About two weeks ago I noted that the American Discovery Channel had purchased six of the seven segments of David Attenborough’s wonderful BBC One documentary, “Frozen Planet.” Tellingly, the unbought episode dealt with anthropogenic global warming and its devastating effect on polar life. When I and other readers complained about this, the Discovery Channel dissimulated, saying that “the stories, messages and essence of all of the BBC’s seven episodes will be represented throughout the truly landmark series.”
Well, we weren’t the only ones to complain. According to various sources, including Britain’s Telegraph and the American site MediaMatters, Discovery has backed down and will show the last episode after all. Undoubtedly viewer complaints are the reason, particularly a petition by change.org that garnered nearly 84,000 signatures. But our little bit may have helped, too.
A lot of people are going to watch this show, which airs in the U.S. in March. I only hope that the Telegraph’s assessment of this episode proves correct:
The airing of the final episode of Frozen Planet will have a huge impact on the ongoing debate about global warming.
Attenborough, after all, is seen as a reliable, trustworthy, and avuncular figure, not a tree-hugging firebrand. His opinion on this may do for global warming what Walter Cronkite’s opposition to the Vietnam war did to American feelings about our futile involvement in that conflict.
Discovery still seems to be spin-doctoring a bit, though. MediaMatters reports:
Discovery had previously said they would make sure to include some discussion of climate change in the other episodes, which trace the exceptional seasonal cycle in the Arctic and Antarctica. But Dr. Mark Brandon, who served as an academic consultant on the series, said that it’s important to put climate change information in a separate installment to make clear “the difference between the largest seasonal change on the planet and the observations of longer term change.”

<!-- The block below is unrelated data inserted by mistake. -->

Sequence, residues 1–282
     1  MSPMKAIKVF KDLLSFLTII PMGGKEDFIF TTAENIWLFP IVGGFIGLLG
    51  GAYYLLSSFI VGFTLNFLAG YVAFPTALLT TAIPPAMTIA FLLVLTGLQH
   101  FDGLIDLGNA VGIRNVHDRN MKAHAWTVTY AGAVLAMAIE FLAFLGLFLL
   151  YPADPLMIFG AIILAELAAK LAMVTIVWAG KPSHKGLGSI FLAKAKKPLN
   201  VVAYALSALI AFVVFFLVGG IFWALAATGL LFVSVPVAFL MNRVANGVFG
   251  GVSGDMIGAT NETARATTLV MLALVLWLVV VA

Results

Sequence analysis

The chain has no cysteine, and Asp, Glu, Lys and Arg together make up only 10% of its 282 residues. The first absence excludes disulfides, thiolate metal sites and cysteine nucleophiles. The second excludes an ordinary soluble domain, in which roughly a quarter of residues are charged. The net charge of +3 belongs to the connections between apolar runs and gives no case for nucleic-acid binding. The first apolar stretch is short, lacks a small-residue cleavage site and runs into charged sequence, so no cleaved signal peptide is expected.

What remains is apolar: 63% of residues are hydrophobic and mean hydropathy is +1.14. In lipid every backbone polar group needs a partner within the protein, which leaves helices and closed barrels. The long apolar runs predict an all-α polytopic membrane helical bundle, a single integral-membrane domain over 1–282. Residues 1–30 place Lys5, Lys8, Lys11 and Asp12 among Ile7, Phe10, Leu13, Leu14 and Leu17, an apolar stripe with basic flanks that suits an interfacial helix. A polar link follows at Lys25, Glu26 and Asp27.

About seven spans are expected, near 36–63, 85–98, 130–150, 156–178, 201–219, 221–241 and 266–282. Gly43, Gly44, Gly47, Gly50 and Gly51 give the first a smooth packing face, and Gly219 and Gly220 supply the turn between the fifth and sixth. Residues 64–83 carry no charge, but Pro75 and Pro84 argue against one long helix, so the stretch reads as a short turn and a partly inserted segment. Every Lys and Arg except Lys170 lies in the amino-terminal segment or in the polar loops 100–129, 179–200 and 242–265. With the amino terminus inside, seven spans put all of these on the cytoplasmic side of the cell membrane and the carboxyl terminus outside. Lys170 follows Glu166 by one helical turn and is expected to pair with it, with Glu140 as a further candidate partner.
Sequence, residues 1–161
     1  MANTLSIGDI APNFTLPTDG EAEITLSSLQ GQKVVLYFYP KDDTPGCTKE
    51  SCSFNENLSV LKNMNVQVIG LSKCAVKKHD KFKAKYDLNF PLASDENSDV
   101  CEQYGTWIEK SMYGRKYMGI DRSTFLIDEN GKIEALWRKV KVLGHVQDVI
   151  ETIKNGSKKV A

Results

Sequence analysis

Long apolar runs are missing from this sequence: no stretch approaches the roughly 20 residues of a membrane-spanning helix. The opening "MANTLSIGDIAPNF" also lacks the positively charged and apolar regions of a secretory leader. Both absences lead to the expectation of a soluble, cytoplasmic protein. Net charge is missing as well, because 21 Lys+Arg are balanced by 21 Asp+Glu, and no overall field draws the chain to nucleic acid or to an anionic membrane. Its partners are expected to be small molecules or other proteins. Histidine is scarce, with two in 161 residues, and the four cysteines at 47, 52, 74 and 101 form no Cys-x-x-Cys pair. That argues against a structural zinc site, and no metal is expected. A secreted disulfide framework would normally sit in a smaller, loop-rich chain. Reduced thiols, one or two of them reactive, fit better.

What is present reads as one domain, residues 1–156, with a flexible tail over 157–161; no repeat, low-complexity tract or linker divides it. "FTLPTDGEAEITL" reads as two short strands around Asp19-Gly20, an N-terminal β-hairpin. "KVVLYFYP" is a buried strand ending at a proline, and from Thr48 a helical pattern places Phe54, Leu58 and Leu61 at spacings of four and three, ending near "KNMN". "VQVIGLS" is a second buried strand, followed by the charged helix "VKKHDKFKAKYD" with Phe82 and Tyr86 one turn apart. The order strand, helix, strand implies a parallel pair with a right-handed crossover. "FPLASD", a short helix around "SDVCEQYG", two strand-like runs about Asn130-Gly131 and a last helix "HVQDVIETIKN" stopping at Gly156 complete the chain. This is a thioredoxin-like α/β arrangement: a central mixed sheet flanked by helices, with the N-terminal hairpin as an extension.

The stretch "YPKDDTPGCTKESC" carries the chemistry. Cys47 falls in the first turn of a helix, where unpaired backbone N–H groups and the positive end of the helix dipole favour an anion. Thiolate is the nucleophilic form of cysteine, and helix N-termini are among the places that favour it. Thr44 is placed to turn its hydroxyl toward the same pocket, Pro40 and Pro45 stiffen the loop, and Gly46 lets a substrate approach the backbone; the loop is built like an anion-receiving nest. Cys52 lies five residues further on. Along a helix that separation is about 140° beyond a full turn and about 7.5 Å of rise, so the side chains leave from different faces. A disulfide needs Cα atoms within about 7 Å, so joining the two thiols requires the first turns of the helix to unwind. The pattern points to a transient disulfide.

Expect a cautious treatment of climate change in the episode. In a May hearing of the House of Lords, Attenborough — previously a skeptic of manmade climate change — said of Frozen Planet:
“I don’t believe it’s controversial, the only controversial element in climate change is to what degree it’s anthropocentric, what degree humans have been responsible, but the facts of climate change are scientifically established facts and I don’t think we go beyond that.”
Dr. Brandon has also indicated that the episode will not focus on the human influence on climate:
“If you were to imagine an episode where people just talked about, you know, humans are doing this, humans are doing that, that wouldn’t fit in with the rest of the story. What would make perfect sense if you’re telling the story of the polar regions is to talk about how they’re changing in the context of the animals and the environments that you’ve shown through the previous six hours of episodes.”
Brandon’s last sentence is pure weaselling. He sounds not like a scientist, but a politician—his incoherence resembles that of Sarah Palin. (Brandon is a lecturer in environmental science at the Open University.)
The “controversial” last episode, “On thin ice,” will air in the UK at 9 pm on BBC One today (and will be repeated on Sunday), so you Brits be sure to see it and report back.
h/t: Nick, Grania